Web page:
Vatican

Pope Francis seemed to signal a change already in early July when he named seven women and a religious brother as full members of the Congregation for Institutes of Consecrated Life and Societies of Apostolic Life.
Opening the Vatican tombs of a princess and a duchess July 11 in a search for the remains of a young Italian woman missing for more than 30 years, the Vatican found no human remains at all.
The complex process of examining bones and extracting DNA will be crucial in determining whether the remains in a small Vatican cemetery belong to Emanuela Orlandi, a young woman who disappeared in 1983, a Vatican-appointed forensic anthropologist said.
Sister Mary Clare Millea, then superior general of the Apostles of the Sacred Heart of Jesus, speaks on Dec. 16, 2014 at a Vatican press conference for release of the final report of a Vatican-ordered investigation of U.S. communities of women religious. Sister Millea was the Vatican-appointed director of the visitation. At right is Archbishop Jose Rodriguez Carballo, secretary of the Vatican's Congregation for Institutes of Consecrated Life and Societies of Apostolic Life. (CNS photo/Paul Haring)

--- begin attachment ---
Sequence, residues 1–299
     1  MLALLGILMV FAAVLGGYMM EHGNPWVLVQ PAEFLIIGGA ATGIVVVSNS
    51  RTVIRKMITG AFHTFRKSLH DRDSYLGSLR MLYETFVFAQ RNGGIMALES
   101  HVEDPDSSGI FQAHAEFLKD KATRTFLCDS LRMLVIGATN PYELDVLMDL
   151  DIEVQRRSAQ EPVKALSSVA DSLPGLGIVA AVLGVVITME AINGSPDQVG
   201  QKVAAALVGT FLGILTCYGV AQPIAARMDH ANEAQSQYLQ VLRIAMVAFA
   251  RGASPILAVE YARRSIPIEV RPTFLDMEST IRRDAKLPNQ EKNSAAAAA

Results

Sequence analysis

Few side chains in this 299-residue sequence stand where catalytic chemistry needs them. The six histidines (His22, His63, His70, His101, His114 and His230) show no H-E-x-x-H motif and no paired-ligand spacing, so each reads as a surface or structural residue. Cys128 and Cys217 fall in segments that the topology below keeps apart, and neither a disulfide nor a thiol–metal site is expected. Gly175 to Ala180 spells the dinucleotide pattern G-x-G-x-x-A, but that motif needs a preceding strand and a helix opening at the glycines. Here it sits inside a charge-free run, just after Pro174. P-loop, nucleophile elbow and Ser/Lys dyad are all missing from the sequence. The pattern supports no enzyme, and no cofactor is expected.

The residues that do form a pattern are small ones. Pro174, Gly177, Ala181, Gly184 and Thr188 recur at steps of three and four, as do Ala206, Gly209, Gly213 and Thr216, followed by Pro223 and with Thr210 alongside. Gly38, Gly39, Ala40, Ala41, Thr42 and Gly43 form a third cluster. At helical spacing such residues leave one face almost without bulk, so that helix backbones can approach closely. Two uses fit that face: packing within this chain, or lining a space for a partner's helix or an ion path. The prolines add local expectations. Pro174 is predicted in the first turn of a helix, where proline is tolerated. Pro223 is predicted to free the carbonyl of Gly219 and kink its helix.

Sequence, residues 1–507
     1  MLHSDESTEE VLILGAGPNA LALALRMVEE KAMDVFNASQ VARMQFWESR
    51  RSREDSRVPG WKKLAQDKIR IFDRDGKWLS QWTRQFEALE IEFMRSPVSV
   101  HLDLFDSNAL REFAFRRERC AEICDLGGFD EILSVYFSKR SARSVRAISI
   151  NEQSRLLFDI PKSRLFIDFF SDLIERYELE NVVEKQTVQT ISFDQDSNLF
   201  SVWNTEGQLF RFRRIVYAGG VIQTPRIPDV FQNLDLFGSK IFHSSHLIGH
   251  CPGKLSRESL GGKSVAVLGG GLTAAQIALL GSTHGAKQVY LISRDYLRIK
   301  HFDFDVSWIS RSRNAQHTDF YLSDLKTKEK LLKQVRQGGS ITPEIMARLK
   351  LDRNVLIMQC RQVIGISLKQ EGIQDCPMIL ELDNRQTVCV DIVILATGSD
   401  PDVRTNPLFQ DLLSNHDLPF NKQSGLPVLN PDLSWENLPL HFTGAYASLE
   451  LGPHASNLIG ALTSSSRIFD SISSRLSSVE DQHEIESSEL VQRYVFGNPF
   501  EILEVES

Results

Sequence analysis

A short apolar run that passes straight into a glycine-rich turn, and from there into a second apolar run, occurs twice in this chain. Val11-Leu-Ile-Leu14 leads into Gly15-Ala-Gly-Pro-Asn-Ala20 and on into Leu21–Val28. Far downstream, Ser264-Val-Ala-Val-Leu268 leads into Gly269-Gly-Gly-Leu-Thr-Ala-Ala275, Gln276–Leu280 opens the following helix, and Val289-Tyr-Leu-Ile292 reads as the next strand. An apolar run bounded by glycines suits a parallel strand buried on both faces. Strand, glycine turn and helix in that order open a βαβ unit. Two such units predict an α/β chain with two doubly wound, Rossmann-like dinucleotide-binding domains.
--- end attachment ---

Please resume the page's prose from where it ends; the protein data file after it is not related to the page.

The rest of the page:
“We have to admit that things move very slowly in the church,” Sharon Holland, I.H.M., told America, “But this is a piece of really good news.”
Pope Francis greets Ecumenical Patriarch Bartholomew of Constantinople outside the Basilica of St. Nicholas in Bari, Italy, July 7, 2018.
Patriarch Bartholomew said, "Pope Francis made this grand, fraternal and historic gesture" of giving the Orthodox fragments of the relics of St. Peter.
The Teutonic cemetery at the Vatican is seen in this 2015 file photo. The decision to open two tombs in the cemetery was made in response to the request of Emanuela Orlandi's family and their questioning "the possible concealment of her cadaver in the small cemetery located within Vatican City State." She disappeared in 1983. (CNS photo/Paul Haring)
The decision was made in response to the request of Emanuela Orlandi's family, he said, and their questioning "the possible concealment of her cadaver in the small cemetery located within Vatican City State."